Wednesday, November 27, 2013

Do Your Readers Like Your Characters? This Might Be The Problem!

Literature, in all formats, falls under the category of "The Humanities." In simple terms, the humanities are the studies about human culture and what it is to be a human. I bring this up today because this really is at the heart of the romance and women's fiction genres. These are stories that are not simply about the human race, but more specifically, about the relationships and the interactions of these humans. I should note that I am including vampires, zombies and were-things in here as well for this post.

Understanding this, when we examine the characters we put into our books, we have to have characters the readers can connect with. One book that I like turning to for inspiration, A POCKET MUSE, by Monica Wood, notes that "readers want to like the main character." We simply don't want to be working against this person in the story. We want to be on his or her side throughout the whole journey.

But, what we often see in stories are characters, that, in an effort to give them a conflict, to give them a personalities and so forth, the writer has created a person who I would seriously doubt anyone would want to hang out with. We see this a lot with the heroes.

Let's take that classic business/CEO character as an example. What we often see are these guys that seem to have absolutely nothing but cold water running through their veins. They are so focused on their business, their company and their image that they are cold and heartless. Now, here is the issue. The hero can be tough, but there needs to be a soft side that we can see - Michael Douglas from Wall Street - No. Richard Gere from Pretty Woman - Yes! This guy needs to be someone the readers will want to cheer for. And, if this is a romance, we want to, as readers, do everything in our power to make sure the heroine ends up with this guy. We don't want to hope she finds someone else.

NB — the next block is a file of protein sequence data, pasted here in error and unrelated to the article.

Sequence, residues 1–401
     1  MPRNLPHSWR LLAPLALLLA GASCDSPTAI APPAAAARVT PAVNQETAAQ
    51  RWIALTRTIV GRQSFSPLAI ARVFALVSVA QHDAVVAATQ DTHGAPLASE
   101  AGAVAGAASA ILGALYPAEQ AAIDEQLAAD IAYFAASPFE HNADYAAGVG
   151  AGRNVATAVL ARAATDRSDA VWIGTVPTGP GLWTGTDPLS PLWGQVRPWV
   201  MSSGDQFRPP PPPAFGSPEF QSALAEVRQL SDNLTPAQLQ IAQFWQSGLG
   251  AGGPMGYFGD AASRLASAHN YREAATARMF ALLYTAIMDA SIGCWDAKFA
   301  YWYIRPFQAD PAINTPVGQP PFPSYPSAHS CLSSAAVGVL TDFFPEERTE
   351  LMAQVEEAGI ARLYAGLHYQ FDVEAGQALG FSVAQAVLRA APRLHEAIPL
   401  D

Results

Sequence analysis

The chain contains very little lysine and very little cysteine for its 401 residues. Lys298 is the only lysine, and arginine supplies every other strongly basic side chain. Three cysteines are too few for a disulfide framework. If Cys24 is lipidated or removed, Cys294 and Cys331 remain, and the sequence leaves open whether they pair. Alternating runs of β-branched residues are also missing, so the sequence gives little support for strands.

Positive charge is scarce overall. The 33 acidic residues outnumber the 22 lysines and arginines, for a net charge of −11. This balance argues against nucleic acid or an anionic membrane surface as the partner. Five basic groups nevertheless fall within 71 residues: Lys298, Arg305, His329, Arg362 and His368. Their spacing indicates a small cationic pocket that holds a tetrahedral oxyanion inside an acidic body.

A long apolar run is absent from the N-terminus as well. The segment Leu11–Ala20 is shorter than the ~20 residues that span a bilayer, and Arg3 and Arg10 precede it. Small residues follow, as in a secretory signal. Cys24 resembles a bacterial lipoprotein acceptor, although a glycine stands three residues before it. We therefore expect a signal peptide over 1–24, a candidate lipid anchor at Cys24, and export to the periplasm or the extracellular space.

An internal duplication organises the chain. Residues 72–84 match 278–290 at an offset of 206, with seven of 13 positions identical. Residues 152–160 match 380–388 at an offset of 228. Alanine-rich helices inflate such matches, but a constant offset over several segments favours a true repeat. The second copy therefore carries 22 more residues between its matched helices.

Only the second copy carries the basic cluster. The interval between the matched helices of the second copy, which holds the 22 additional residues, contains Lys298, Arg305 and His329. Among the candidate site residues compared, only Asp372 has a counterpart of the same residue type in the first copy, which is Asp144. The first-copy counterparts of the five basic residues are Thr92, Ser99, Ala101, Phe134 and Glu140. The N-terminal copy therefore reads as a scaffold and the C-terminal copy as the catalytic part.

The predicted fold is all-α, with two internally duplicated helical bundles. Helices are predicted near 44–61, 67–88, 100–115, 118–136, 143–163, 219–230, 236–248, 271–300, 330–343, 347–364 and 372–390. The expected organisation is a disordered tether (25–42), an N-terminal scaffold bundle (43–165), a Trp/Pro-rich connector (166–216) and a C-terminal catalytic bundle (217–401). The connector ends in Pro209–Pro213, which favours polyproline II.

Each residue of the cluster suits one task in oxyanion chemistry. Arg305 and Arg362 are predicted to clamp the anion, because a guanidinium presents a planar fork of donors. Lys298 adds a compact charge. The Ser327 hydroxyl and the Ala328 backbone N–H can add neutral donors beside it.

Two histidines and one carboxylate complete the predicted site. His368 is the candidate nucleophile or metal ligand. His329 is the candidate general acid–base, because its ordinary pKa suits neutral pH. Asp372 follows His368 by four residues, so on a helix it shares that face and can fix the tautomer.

The same goes for the ladies. Too often, in an effort to create the "damsel in distress" heroine, I see far too many writers making these women wimps. If not this, they end up making them so strong that they come across as being a really "you know what." Again, these are characters we really don't want to cheer for.

Much of the character development can also be controlled by the back stories you create and the decisions you have the characters make. If you have your characters doing things that really are "unethical" to the general public, it will become harder and harder for the reader to "relate" to the character. If you have them doing things that are just plain stupid, we feel the same way. Let me give you two examples here.

The first deals with one of the reasons I reject a story - adultery. The classic story I see has the husband potentially cheating on the heroine. Maybe the marriage is falling apart. There is nothing wrong so far. But now the heroine goes out with her friends, finds a guy that now shows her all of the emotions and passion she is missing in her marriage - and now she cheats. Here is the issue! If the writer set up the scenario that cheating is bad and that the husband should be doing what he can to save the marriage, how can we justify the heroine going out to do the same thing? And yes, if you submit a story to Greyhaus with adultery on the part of the hero or heroine, you will get a no!

The second issue comes from mostly the romantic suspense stories. Here we have the heroine, determined to find out what happened with "the crime", whatever it might be. Now she starts ignoring what the cops are telling her and makes "stupid decisions." In this case, the writers is so eager to get the character into a situation where the hero has to save her, that we now have the character doing something just plain stupid. You can't justify this with, "but she really wants to know." Sure, she wants to know, but this doesn't make doing those stupid things right.

The characters are integral parts to your story. We have to like them. We have to want to see them together. This cannot all be about the plot only.

Play around with that over the break.

Off to get the Turkey prepped!

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